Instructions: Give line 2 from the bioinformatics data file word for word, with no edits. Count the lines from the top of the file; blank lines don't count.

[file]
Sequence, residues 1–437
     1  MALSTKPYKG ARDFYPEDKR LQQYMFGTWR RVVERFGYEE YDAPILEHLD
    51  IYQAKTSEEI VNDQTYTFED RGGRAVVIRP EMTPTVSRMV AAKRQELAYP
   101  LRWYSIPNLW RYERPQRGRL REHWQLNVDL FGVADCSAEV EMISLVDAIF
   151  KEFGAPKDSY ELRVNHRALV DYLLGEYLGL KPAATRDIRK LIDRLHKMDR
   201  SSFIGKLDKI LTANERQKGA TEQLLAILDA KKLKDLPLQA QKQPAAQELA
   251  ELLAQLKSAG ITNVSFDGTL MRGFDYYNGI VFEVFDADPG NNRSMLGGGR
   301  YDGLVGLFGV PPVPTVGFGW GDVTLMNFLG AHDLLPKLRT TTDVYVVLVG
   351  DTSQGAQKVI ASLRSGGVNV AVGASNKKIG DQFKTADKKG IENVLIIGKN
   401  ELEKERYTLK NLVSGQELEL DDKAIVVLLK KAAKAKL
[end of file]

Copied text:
     1  MALSTKPYKG ARDFYPEDKR LQQYMFGTWR RVVERFGYEE YDAPILEHLD